Bolko

The wind was blowing against his face as the horse was galloping on a sandy forest road. Clouds of sand were flying into the air behind him. Bolko’s hands were holding the reins so hard that he could feel blisters forming on the skin. He couldn’t stop. The evening sun was lighting up the forest with longer and longer streaks of sunlight. The night was coming. He had to reach the town. There he would be safe.

In the distance, Bolko noticed a fallen tree blocking the path forward. He pulled the reins fast, forcing the horse to stop just in front of the tree. He was about to go around the tree when a feminine figure with bear’s skin on her head and shoulders emerged from the thicket. Her face was painted in dark green lines and she had a spear in her hand. Great, a dziewonia. Just what I needed, Bolko thought. The woman took off her headdress, revealing her pointy ears. “You need help,” she said. It was a statement, not a question.

“Yes?” Bolko didn’t know how to respond.
“Tie your horse to this tree,“ the woman pointed at the fallen tree, “and follow me.”

Bolko did as the dziewonia asked. She led him through the thicket into the deep areas of the forest. Areas which most humans avoided. Areas that were said to the homes of monsters.

After a while, they reached a small clearing in the forest. Through the middle of it went a small creek. On both sides of this creek, Bolko noticed simple tents and people doing their daily tasks. All of them had pointy ears and were dressed in animal skins. A settlement of dziewonie, Bolko thought. There was a whole array of people. Men and women. Children, adults and elderly. Sick and healthy. As they noticed Bolko walking through the camp, the men were hiding in the tents or turning back from him. Women, on the other hand, were looking at him with suspicion and interest. Bolko wasn’t sure if they wanted to kill him, drag him to bed or both.

On the other side of the clearing, under an old tree, stood a tent larger than the rest. As they approached it, Bolko’s guide turned to him and put her hand on his chest. “Men are not allowed in the chief’s tent.”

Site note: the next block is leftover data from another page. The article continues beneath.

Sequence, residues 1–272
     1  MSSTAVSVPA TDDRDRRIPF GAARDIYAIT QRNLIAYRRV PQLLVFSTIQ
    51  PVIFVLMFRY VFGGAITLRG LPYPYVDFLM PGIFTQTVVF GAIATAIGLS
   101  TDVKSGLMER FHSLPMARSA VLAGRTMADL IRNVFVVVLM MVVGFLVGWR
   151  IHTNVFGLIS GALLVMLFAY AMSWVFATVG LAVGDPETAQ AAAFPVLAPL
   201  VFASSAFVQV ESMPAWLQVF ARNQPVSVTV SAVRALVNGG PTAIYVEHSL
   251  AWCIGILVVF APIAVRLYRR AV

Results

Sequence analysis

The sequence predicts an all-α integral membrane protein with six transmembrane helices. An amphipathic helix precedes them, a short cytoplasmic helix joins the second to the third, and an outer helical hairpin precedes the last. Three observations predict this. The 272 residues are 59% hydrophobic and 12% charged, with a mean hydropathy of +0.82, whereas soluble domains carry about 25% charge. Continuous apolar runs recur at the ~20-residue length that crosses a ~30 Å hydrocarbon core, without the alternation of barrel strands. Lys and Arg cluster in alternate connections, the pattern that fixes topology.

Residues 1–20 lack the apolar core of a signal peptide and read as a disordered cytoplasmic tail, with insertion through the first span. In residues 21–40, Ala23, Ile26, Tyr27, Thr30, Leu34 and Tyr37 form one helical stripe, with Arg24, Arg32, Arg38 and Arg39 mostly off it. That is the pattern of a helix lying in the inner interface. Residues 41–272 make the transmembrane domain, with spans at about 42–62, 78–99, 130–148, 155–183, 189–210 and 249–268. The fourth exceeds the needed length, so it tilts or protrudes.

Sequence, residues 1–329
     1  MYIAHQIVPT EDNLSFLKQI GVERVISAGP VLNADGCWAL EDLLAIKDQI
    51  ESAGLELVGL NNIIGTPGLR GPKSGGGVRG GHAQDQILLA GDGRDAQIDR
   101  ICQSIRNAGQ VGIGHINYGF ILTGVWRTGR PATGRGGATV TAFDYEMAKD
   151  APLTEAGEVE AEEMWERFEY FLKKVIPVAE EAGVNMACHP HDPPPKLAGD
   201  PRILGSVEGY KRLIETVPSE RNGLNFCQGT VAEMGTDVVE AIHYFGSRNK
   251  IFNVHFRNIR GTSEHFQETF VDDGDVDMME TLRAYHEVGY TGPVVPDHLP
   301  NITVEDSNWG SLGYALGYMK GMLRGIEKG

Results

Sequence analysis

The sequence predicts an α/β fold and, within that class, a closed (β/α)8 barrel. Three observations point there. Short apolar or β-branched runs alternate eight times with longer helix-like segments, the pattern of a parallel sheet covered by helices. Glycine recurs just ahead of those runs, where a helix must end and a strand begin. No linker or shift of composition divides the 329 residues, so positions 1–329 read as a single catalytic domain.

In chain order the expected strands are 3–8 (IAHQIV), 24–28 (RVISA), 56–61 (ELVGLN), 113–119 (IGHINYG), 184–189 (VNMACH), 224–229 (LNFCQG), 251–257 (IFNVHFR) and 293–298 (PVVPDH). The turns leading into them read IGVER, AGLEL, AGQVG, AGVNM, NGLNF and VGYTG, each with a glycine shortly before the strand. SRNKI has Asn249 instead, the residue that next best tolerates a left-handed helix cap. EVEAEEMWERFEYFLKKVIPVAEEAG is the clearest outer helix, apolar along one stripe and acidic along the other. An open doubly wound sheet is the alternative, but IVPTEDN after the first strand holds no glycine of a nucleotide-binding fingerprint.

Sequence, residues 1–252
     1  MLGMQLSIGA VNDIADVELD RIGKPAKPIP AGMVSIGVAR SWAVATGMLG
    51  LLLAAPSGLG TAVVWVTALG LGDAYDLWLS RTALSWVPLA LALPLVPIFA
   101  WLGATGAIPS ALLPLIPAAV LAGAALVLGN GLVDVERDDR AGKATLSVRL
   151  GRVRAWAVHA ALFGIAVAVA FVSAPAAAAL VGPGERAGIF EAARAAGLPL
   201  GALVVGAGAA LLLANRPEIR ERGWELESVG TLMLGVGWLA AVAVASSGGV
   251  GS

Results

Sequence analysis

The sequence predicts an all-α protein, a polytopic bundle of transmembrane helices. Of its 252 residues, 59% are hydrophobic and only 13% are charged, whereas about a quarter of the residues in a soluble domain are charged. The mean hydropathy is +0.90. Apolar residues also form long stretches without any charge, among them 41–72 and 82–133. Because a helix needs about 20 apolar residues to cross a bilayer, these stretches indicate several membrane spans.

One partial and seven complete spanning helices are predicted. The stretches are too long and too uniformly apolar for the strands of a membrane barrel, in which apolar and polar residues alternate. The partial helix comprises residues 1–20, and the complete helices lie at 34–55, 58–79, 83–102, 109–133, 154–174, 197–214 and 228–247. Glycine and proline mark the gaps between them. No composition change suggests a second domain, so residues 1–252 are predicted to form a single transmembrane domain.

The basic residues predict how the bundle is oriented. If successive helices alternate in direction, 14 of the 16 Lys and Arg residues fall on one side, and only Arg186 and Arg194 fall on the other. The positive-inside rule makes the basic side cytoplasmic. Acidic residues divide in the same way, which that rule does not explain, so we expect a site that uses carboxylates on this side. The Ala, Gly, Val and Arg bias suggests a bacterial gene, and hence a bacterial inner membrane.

Bolko took a step back and waited as his guide entered the tent. After a few long minutes, the guide emerged from the tent and after her came another woman. This one’s clothes were complemented by an assortment of jewellery from bones and amber. In her hand she held a staff with a skull of an animal Bolko couldn’t recognize. She must have been the chief.

“Welcome, weary human,” the chief said. “Your arrival has been foretold by Mother Earth.”
“I don’t know what you want from me,” said Bolko,” but I need to get to the nearest town. I will be going now.” Bolko turned around and started to walk.
“You won’t be safe there. The assassins will find you,” said the chief.
Bolko stopped and looked at the woman. “How do you know about the assassins?”
“Mother Earth sees and hears all. We can help you.”
“How?”
The chief raised her staff in the air. “Mat’-Zemiya, zashchiti etogo cheloveka ot vreda!”

The animal skull on the staff lit up with bright light. A moment later, it shot a beam at Bolko. It felt like the light was creating some sort of layer on his body. Then, the chief put her staff on the ground and the light dispersed as quickly as it appeared.

“What was it?”
“Mother Earth marked you with her protective sign.”
“How will it help me?”
“You will see. Now, go!”

Bolko left the camp more confused than he entered it. He couldn’t see much benefit in the so-called help Dziewonie gave him. He knew that magic, especially divine magic, can be mysterious and vague, but this was extremely unclear.

Bolko reached the fallen tree and got back up onto his horse. He continued his journey to the nearest town.



Cover image: Forest by jplenio on Pixabay

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